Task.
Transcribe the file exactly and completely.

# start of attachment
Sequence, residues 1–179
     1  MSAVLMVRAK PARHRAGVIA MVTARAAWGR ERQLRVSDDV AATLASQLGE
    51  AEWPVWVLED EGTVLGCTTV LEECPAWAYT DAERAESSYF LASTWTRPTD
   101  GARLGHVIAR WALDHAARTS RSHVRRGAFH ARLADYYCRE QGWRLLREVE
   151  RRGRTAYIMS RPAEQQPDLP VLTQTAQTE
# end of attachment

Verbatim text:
Sequence, residues 1–179
     1  MSAVLMVRAK PARHRAGVIA MVTARAAWGR ERQLRVSDDV AATLASQLGE
    51  AEWPVWVLED EGTVLGCTTV LEECPAWAYT DAERAESSYF LASTWTRPTD
   101  GARLGHVIAR WALDHAARTS RSHVRRGAFH ARLADYYCRE QGWRLLREVE
   151  RRGRTAYIMS RPAEQQPDLP VLTQTAQTE